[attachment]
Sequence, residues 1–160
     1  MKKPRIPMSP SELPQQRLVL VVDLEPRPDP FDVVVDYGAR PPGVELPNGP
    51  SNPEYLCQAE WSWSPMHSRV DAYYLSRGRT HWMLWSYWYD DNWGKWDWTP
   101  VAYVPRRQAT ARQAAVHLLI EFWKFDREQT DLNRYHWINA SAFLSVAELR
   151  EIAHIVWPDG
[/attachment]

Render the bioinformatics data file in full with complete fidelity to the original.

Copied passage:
Sequence, residues 1–160
     1  MKKPRIPMSP SELPQQRLVL VVDLEPRPDP FDVVVDYGAR PPGVELPNGP
    51  SNPEYLCQAE WSWSPMHSRV DAYYLSRGRT HWMLWSYWYD DNWGKWDWTP
   101  VAYVPRRQAT ARQAAVHLLI EFWKFDREQT DLNRYHWINA SAFLSVAELR
   151  EIAHIVWPDG